Less than cryptically, the Minister of Communications and Digital Technologies, Stella Nadabeni-Abrahams posted a meme on social media, 'I like it when arrogance breeds a mess". No doubt emboldened by such support from a Cabinet member, we saw, incredibly, the Deputy Board Chairperson, Mamudupi Mohlala, come on air and openly identify as a member of a so-called "Board minority" that is anti-retrenchment, laying bare voting numbers underlying board decision-making on the retrenchment issues. She has insisted on her right to freedom of expression, others have pointed out her clear breaches of fiduciary duties as a board member in doing so.

The responses to these scenes have shown, all too clearly, the fault-lines of our democracy.

In her first official response to the unfolding crisis, the Minister issued a statement on Wednesday morning in which she boldly stated as a matter of fact that this will be "a period of intervention by the Department and Parliament".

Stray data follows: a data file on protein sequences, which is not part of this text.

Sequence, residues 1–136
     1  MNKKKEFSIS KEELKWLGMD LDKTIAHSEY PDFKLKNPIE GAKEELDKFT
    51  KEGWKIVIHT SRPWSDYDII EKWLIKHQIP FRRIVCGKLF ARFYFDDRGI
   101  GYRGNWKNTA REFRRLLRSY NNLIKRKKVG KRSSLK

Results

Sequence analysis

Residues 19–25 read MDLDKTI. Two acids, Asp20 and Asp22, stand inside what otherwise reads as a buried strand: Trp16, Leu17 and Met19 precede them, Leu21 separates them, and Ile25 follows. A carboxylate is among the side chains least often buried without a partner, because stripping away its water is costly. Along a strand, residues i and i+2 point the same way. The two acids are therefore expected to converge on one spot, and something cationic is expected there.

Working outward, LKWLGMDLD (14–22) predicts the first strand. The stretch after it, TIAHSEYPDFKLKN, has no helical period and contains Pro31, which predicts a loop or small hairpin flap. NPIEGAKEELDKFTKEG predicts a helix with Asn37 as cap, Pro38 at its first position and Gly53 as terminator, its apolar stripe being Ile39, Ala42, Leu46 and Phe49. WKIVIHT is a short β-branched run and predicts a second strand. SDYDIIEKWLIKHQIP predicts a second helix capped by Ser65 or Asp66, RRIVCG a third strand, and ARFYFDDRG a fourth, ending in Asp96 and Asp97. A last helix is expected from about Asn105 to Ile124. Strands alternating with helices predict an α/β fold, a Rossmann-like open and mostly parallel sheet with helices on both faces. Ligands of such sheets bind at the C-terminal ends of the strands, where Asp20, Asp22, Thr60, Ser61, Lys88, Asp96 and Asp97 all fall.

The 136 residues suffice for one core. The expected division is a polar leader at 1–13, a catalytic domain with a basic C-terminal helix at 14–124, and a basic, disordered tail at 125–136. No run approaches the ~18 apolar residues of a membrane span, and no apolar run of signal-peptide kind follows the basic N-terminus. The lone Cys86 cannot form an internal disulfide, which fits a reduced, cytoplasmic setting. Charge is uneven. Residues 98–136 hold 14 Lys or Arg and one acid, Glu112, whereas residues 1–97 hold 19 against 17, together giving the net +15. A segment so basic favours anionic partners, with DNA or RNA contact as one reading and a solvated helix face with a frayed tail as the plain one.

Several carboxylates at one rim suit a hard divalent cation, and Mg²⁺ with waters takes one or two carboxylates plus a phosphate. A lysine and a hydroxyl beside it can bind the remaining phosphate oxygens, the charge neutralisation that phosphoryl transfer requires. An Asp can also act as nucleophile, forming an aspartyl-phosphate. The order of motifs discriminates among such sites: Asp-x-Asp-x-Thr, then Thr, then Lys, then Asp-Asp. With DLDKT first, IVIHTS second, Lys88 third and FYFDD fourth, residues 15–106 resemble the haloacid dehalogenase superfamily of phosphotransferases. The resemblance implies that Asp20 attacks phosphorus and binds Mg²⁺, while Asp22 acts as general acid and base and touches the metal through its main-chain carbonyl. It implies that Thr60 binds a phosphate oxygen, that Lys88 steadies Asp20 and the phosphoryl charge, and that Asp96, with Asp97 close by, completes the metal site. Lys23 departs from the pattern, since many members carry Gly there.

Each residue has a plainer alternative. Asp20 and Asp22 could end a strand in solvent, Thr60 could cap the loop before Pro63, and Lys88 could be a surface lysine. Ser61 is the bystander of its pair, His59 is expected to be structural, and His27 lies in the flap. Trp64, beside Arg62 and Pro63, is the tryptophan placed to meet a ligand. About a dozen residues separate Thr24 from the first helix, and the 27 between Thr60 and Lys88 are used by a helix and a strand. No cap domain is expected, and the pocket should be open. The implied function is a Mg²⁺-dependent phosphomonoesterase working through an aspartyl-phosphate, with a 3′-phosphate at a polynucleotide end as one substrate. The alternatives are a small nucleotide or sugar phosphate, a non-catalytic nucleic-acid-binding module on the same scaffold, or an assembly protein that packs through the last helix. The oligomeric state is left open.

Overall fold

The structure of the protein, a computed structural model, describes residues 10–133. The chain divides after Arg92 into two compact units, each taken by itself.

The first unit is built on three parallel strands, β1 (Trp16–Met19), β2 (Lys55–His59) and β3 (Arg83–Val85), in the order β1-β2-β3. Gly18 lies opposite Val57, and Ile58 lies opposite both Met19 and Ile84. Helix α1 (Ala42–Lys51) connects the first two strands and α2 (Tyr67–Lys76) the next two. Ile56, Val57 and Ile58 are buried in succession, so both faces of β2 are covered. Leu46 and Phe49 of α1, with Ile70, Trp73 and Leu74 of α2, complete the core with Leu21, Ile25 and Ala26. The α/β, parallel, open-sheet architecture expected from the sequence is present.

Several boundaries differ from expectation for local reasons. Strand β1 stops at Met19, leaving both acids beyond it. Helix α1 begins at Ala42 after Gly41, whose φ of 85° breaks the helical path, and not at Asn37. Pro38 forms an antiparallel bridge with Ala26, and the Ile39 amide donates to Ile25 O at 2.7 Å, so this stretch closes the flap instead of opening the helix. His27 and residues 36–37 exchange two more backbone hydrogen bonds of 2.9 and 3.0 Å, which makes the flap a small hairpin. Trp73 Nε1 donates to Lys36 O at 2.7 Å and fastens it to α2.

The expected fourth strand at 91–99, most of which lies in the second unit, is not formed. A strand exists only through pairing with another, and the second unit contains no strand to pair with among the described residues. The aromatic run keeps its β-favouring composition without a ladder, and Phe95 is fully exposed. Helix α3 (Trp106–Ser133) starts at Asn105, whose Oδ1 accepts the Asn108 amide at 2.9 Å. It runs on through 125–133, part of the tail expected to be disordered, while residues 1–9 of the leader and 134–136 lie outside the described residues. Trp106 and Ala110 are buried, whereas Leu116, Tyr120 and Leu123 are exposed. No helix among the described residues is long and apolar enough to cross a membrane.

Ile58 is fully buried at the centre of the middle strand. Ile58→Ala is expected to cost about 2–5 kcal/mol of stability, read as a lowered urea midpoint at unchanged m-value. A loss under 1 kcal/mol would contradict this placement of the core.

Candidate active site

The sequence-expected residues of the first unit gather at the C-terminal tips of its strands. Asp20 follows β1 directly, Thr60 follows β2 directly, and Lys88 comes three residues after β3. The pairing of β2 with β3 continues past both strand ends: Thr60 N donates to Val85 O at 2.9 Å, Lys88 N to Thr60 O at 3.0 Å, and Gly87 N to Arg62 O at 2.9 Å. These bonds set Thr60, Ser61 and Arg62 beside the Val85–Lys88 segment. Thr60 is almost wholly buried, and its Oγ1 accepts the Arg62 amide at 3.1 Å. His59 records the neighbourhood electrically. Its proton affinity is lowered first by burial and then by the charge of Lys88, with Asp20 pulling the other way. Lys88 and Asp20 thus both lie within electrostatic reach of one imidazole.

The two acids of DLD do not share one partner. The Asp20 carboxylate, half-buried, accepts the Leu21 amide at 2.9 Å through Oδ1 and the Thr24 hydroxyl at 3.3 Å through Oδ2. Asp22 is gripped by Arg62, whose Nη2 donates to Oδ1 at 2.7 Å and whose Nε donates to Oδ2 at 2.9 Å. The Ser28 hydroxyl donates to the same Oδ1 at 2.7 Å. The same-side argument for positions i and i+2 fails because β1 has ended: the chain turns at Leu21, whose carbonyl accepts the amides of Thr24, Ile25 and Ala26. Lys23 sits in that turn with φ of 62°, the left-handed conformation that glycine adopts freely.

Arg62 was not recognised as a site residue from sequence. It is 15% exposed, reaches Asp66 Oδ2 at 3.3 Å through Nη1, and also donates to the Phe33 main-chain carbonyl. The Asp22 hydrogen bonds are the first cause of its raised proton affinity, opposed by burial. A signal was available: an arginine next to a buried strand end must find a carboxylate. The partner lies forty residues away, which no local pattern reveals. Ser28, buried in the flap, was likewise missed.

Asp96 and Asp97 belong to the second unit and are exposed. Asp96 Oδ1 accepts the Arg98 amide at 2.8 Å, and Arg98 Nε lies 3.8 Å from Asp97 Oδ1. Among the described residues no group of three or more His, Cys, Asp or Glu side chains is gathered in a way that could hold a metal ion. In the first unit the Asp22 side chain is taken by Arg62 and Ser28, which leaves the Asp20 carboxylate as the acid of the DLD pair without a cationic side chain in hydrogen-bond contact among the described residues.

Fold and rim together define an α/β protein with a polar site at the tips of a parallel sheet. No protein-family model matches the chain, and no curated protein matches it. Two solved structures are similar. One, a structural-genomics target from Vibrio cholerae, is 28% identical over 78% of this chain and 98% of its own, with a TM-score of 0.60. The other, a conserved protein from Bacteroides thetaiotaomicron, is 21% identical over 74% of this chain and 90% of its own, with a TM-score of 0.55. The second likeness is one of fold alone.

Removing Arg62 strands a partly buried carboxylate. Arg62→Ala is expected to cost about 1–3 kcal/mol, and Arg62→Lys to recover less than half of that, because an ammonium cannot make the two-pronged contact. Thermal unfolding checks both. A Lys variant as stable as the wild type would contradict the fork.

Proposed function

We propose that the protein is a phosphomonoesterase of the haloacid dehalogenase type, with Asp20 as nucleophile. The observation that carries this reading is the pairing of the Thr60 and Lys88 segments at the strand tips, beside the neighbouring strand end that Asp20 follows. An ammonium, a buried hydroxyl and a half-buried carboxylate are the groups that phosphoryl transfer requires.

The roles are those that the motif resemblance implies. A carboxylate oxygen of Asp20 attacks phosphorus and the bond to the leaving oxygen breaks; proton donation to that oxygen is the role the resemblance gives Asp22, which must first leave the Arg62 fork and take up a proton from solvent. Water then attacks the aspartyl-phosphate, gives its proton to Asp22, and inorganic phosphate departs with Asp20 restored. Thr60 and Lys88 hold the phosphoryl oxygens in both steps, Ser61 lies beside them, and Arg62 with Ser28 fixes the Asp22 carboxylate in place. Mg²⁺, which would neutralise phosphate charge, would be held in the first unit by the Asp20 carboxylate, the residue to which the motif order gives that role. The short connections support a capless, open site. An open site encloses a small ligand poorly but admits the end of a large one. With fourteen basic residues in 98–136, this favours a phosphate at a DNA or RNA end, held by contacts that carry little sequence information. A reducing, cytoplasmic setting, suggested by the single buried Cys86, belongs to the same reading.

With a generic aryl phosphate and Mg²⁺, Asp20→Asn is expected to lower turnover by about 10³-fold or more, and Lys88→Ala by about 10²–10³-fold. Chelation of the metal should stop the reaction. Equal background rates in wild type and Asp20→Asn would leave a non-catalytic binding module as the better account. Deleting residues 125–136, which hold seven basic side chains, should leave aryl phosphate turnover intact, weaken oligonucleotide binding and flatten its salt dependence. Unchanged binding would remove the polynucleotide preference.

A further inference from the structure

It was, as she well knows, a dog-whistle to those anxious to undermine the independence of the public broadcaster. It was, as she also well knows, dangerous and unlawful.

Government interference

Our courts have taken a strong stand against government interference in the affairs of the SABC.

The SABC is not just another SOE where government can ride roughshod over management and the Board. In a precedent-setting case brought by civil society and spear-headed by our two organisations, the High Court pointedly held: "The Minister, as the representative of the sole shareholder and not a member of the board, does not have the right to act on behalf of the SABC or to manage its business or affairs" [at paragraph 122]. It goes without saying that Parliament, too, lacks such rights either.

Another respondent was the Parliamentary Portfolio Committee on Communications - which sat from 19:00 into the early hours of this morning to deliberate solely on this issue. It was unedifying to say the least.

Ruling party MP after ruling party MP kept insisting that the SABC goes back and "consults" with staff, with the Minister, with the committee and bizarrely, with its Board Minority faction. It was a circus.

READ | Opinion: Managing the SABC into the ground:- A long-term exercise in venality and stupidity